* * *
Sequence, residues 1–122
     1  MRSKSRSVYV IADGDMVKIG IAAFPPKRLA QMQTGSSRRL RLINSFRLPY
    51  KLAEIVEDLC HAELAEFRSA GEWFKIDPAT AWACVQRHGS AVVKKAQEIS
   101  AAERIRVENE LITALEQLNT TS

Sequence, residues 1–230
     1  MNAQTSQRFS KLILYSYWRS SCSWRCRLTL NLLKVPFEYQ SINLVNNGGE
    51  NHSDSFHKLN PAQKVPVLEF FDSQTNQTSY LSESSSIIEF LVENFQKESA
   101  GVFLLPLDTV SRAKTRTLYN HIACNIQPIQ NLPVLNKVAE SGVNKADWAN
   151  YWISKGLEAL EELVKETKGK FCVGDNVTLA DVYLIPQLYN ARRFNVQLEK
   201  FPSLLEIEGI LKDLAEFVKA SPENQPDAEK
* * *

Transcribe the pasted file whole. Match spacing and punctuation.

Sequence, residues 1–122
     1  MRSKSRSVYV IADGDMVKIG IAAFPPKRLA QMQTGSSRRL RLINSFRLPY
    51  KLAEIVEDLC HAELAEFRSA GEWFKIDPAT AWACVQRHGS AVVKKAQEIS
   101  AAERIRVENE LITALEQLNT TS

Sequence, residues 1–230
     1  MNAQTSQRFS KLILYSYWRS SCSWRCRLTL NLLKVPFEYQ SINLVNNGGE
    51  NHSDSFHKLN PAQKVPVLEF FDSQTNQTSY LSESSSIIEF LVENFQKESA
   101  GVFLLPLDTV SRAKTRTLYN HIACNIQPIQ NLPVLNKVAE SGVNKADWAN
   151  YWISKGLEAL EELVKETKGK FCVGDNVTLA DVYLIPQLYN ARRFNVQLEK
   201  FPSLLEIEGI LKDLAEFVKA SPENQPDAEK